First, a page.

The Town of Norwood, which was officially formed in 1872, was until that time part of Dedham, known as the “mother of towns,” as fourteen of the present communities of eastern Massachusetts lay within its original borders. Long used as a hunting ground by Indians, Norwood was first settled by Ezra Morse in 1678. He set up a sawmill in what is now South Norwood, The part of town to which the first concentration of families, almost all of whom were farmers, migrated over the next half-century.
Living in the part of town most distant from Dedham, these settlers soon began to pester town officials for their own parish church in order to minimize the arduous travel over miserable roads of the day which regular attendance at religious services made necessary. Although those in power in Dedham initially resisted the entreaties of the fellow townspeople in the southern part of town, the finally relented in 1730, authorizing the creation of the South Parish.
Ironically, the building of the new parish church, which might well have been expected to unify the fledging community, served ultimately, as a divisive force. While the initial services alternated between the Ellis Tavern and the home of Nathaniel Guild, a dispute over the location of the church led to the building of two structures, one at Clapboard Tree (now part of Westwood) and one in the Nahatan/Prospect Street area. A short time later the Clapboard Tree worshippers were granted their own parish designation (West Dedham), and the South Dedham Parish, its religious links with it neighbors to the west now severed, proceeded to construct a new church in what is presently downtown Norwood near the intersection of Washington and Walpole Streets.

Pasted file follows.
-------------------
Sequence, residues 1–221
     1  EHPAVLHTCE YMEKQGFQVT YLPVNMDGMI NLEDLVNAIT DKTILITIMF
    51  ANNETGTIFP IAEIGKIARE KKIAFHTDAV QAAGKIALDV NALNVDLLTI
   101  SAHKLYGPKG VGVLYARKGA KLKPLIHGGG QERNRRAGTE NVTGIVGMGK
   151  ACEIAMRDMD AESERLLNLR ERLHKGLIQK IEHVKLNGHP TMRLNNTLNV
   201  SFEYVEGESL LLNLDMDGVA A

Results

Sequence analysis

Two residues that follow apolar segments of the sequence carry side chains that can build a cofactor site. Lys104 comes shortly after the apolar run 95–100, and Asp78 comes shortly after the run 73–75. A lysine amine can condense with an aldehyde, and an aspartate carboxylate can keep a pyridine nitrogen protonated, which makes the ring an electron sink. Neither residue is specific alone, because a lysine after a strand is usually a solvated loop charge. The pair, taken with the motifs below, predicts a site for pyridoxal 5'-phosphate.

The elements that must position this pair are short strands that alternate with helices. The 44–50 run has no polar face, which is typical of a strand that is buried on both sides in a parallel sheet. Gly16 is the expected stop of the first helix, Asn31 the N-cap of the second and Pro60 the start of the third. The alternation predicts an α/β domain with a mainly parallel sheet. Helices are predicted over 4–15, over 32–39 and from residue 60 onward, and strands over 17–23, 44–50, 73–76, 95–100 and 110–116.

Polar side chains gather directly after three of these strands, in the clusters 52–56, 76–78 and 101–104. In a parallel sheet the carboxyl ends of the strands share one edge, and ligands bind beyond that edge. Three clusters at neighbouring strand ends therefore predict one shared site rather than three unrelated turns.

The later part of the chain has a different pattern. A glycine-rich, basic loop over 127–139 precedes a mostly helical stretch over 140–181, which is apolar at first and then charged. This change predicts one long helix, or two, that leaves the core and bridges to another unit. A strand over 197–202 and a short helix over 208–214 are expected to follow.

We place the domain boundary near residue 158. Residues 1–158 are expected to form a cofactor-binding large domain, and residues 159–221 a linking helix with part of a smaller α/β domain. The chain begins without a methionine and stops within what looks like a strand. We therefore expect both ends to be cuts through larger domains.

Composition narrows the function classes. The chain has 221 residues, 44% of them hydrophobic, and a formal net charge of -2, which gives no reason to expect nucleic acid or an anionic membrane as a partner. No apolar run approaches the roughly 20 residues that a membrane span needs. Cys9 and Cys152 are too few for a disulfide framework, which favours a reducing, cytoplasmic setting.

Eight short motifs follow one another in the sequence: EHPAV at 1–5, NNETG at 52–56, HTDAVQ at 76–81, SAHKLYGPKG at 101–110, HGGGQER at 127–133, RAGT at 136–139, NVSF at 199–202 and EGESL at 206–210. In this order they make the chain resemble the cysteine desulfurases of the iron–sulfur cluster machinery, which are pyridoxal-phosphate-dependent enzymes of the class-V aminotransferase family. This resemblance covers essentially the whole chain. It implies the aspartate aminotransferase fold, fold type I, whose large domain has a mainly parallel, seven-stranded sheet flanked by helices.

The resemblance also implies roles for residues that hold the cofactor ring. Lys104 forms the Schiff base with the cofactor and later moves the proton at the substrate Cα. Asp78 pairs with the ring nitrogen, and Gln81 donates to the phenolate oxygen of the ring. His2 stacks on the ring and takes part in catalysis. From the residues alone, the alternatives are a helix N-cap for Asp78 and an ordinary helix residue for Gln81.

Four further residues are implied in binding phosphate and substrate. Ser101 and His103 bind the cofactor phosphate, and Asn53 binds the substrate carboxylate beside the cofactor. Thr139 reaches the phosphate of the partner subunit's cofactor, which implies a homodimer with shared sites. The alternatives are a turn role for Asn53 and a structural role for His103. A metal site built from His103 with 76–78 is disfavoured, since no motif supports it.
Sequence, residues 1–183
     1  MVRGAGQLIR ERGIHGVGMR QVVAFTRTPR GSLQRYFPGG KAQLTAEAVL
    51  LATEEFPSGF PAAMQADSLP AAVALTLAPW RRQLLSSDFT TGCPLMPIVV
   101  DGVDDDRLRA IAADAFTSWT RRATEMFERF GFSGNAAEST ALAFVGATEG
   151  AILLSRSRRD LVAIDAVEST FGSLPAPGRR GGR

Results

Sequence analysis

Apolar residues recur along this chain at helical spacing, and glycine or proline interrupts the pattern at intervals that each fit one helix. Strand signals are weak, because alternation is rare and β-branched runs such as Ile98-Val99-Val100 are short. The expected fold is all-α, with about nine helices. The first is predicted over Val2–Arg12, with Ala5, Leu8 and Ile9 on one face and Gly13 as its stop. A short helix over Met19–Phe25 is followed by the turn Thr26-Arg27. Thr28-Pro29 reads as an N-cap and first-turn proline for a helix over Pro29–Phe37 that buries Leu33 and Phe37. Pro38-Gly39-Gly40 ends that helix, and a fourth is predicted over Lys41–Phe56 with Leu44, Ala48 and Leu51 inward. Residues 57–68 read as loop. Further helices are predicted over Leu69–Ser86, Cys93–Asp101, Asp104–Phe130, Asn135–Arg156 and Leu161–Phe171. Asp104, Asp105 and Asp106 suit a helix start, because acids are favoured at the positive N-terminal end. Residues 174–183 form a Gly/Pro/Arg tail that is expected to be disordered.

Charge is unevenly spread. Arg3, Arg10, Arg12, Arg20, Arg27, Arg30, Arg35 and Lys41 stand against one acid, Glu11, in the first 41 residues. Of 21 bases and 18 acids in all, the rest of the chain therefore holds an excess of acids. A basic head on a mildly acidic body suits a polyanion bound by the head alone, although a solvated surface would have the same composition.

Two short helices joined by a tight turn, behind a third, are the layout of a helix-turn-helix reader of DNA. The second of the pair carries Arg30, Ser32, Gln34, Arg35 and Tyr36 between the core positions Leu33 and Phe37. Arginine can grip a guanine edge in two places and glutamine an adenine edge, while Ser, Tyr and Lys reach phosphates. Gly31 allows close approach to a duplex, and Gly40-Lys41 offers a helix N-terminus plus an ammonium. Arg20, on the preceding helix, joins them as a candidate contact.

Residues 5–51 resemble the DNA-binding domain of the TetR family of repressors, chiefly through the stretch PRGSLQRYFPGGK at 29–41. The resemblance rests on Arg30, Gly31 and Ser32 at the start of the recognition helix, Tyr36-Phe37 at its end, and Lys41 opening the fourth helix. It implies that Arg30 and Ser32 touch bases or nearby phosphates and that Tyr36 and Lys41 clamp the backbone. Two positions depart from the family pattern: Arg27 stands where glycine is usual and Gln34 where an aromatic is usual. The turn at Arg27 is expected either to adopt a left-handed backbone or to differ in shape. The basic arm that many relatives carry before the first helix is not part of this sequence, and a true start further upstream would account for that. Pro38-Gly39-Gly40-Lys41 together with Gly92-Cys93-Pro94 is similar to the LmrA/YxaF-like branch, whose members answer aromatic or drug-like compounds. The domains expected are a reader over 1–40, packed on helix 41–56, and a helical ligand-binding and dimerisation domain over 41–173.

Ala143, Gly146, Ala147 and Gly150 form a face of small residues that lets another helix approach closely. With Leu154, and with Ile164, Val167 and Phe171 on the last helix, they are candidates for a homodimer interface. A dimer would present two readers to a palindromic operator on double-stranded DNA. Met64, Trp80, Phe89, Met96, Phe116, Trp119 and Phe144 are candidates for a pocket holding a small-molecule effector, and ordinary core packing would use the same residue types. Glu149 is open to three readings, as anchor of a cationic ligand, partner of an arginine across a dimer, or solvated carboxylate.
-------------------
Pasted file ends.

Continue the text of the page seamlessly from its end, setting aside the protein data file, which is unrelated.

It was at this time that the name “Tiot” began to appear in the written record of the town. Commonly rendered as “land surrounded by water,” the term, which is probably of Indian origin, refers to the fact that the town is surrounded by water on three sides by streams and a river.